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I have been dying to get out-of-town for a few weeks now. Last week, we were SO close, but were bumped from the plane to Toronto after a previous flight was delayed. The rest of the long weekend I kept on thinking this is great but I could be in Canada. There are a lot of reasons that plans don’t work out, and sometimes the time is right to hit the road alone. Maybe your friends are flakes. Maybe your spouse just isn’t into it, but life is short and traveling helps you grow.

I remember the first time that I traveled by myself. It was a road trip. I had just wrapped up a semester in college. My group of friends had made plans to go out to the Appalachian Mountains and do some hiking and rent out a cabin. We had spit out the idea over a couple of bottles of wine on the last Friday of classes, and I thought that we were good as gone. The next day, one called and said that her head hurt. She was out. Another texted me saying “I forgot but I start my job on Tuesday. SORRY.” Two other friends dropped out (because of the loss of momentum, I think) and then here I was, SUPER excited for a trip that wasn’t going to happen. So I thought it through. Anyone else want to go? Maybe this was a sign not to go at all? Maybe I ought to go it alone.

I filled the gas tank of my ten-year old car and threw a bunch of clothes into a laundry basket. I grabbed a bottle of two buck chuck for good measure and made off down the interstate toward Chicago. I ditched my mountain plans and considered the road an opportunity. I had 6 days.

This is what I learned:

Eating alone can feel really unnatural when you are traveling. Unless you are eating out of a cooler or camping, you don’t have a lot of options other than eating at a restaurant. This is ok! And don’t hesitate to eat in restaurants. They often are a big part of the trip! If you are feeling social, or want the opportunity to talk to strangers in the new place, go to a restaurant with a bar or counter. People tend to be open to chit-chat, and at the very least, the bartender will be willing to talk. This is a great opportunity to ask “regulars” who are local about the city are in. If you aren’t in the mood to chat, bring a magazine, book, or newspaper. No one will bother you. If solo restaurant dining isn’t your thing, street food, food-trucks, and farmers markets are great places to pick up on the local culture without feeling isolated. Twitter and Thrillest are great ways to plan to eat local.

Sleeping alone is often the trickiest part of traveling alone. Most hotels charge you for a built-in rate assuming a double occupancy. There is little you can do about this in a lot of US cities. But the market is growing for options. One option is a hostel. Hostels are more popular in Europe and Asia than the USA, but they are starting to pick up. I have stayed in a world-class hostel in New Orleans for under $30 and have recommended it to friends! Hostels are inexpensive and a great place to hide in a crowd. Airbnb has emerged since I was on my trip as the best way to stay as a single. You can either rent a room or an entire flat. This is a really affordable and convenient way to find something if you are planning ahead or tripping spontaneously.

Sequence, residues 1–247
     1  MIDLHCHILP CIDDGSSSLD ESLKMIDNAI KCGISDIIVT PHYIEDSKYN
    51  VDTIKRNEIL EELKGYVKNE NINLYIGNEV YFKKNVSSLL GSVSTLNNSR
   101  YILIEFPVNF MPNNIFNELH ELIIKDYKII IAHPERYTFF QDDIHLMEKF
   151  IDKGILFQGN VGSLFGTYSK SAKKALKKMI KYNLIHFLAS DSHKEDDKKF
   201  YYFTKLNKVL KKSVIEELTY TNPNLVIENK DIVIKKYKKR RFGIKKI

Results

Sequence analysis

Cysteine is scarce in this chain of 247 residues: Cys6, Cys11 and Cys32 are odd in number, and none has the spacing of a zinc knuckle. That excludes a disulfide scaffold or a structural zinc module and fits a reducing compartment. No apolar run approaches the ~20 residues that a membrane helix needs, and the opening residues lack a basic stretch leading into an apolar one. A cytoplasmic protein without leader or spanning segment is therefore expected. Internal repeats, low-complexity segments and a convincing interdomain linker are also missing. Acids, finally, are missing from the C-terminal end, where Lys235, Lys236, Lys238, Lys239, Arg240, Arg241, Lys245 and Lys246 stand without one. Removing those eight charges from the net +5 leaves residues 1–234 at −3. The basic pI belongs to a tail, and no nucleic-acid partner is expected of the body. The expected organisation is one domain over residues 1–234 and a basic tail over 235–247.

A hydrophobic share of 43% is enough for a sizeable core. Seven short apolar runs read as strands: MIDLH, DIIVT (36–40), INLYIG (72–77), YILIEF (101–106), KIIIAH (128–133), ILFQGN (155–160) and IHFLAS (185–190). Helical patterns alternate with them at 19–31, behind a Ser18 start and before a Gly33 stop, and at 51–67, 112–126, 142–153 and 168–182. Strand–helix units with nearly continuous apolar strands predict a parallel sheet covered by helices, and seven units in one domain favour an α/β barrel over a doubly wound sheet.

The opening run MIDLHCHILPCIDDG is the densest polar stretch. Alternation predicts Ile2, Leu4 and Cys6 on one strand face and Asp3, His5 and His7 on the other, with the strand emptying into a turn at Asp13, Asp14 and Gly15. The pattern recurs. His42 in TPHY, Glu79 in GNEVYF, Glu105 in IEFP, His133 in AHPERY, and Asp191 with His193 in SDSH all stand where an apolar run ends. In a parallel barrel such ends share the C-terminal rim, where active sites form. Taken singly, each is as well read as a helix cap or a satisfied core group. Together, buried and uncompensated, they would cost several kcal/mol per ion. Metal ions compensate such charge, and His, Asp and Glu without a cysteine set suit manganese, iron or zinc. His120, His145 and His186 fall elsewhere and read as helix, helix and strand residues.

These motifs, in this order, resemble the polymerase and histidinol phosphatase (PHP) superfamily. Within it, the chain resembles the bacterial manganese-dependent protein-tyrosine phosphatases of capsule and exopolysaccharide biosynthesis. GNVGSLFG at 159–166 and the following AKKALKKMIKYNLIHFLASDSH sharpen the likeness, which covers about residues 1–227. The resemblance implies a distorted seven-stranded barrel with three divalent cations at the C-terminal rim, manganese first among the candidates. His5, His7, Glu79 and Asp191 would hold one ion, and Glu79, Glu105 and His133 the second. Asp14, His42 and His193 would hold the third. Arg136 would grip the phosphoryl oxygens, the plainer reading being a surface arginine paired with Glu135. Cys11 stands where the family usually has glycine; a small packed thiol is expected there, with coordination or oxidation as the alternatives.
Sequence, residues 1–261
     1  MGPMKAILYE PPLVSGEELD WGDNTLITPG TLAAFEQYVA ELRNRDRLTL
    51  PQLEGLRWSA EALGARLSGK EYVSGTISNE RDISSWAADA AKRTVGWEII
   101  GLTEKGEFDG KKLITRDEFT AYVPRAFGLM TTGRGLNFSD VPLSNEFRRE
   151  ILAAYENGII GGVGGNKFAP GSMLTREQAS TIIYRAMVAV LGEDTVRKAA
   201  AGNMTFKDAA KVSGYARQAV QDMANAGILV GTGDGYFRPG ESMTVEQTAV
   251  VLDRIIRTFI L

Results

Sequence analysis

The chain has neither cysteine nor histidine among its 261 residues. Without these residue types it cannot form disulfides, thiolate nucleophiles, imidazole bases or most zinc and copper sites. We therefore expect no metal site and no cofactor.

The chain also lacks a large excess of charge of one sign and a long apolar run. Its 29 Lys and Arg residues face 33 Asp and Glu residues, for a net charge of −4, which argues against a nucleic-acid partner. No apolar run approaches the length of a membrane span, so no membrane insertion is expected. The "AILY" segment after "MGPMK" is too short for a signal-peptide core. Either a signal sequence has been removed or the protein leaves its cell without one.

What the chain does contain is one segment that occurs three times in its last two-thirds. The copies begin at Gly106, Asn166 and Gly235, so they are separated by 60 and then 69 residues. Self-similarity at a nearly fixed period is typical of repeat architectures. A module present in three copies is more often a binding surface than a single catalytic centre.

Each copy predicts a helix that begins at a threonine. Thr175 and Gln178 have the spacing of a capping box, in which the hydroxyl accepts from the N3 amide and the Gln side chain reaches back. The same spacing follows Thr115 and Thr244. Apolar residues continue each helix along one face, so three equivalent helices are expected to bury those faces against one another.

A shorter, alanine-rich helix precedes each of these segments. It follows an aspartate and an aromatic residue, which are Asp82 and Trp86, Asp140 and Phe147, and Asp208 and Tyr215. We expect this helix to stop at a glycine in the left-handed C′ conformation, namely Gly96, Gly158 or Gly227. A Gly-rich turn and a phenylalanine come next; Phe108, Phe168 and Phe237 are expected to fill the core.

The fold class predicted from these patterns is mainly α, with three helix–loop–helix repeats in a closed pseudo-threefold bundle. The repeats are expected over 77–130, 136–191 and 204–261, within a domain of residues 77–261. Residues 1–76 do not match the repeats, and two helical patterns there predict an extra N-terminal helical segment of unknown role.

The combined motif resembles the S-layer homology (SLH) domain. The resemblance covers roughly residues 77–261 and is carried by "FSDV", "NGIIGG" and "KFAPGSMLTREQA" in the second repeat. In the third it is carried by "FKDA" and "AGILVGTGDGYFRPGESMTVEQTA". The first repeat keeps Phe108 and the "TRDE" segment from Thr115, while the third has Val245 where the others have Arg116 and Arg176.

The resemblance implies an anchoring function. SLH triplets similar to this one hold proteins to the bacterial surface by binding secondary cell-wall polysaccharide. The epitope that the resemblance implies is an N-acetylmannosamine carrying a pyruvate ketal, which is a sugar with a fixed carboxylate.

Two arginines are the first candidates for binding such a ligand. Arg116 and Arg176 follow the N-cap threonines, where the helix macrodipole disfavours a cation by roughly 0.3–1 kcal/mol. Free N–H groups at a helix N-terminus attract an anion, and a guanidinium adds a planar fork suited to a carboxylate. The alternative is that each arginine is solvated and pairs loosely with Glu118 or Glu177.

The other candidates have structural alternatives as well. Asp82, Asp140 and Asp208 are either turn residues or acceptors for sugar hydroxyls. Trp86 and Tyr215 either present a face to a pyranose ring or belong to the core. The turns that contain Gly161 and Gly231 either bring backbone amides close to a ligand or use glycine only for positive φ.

Being alone doesn’t have the stigma that it used to. Most people I know feel very comfortable going it alone for a whole day driving in a car, going to work, shopping, or running errands. In some ways, this is the area where I think travelers need to exercise the most caution and feel a little less comfortable. Letting loose and having a little too much to drink, or trusting someone who seems really nice can backfire huge. So I say ALWAYS USE YOUR GUT: If your radar goes off, listen to it—no matter who sets it off. A really nice woman who comes off as a little pushy might be the pickpocket, not a man with a pistol. If someone is just a little off, trust it. Who cares if you offend them by ditching out? You will never have to see them again. ADJUST YOUR SCHEDULE to be safe. If you feel uncomfortable going out at night, don’t force it. Instead, sight-see during the day, make lunch your biggest meal, and turn in early. Men and women should avoid walking home at night. Just try to think about how tomorrow is going to be so much better without being mugged or assaulted. It will keep you from feeling FOMO. AVOID FLIRTS. I was advised about this when I was 18 and working in a restaurant, wear a small wedding band. It sounded really stupid to me, until I realized that people can be animals. Latin countries, Mediterranean, and some Asian countries’ norms are different from ours, and unwanted attention can be difficult to shake. I don’t want to overstate this, but it can just feel safer to be “off the market” when you are traveling, awful as it is.

Thriving alone is the thing I learned to do for the first time on that trip East. Being in the moment, alert to the sights and sounds because you are in thought and silence helps you to grow. I love traveling with friends and family because it gives me an opportunity to learn more about them. But traveling alone gave me the opportunity to learn more about myself. I learned to use a subway, I learned that it’s easier for me to ditch a car in a public parking lot than to worry about it. I learned that I lean toward eating less fried food and more fresh foods when I travel alone. I learned that I don’t like to sleep in on trips because given the opportunity to get one more hour of sleep or to see what Baltimore is like in the morning, I choose getting out.



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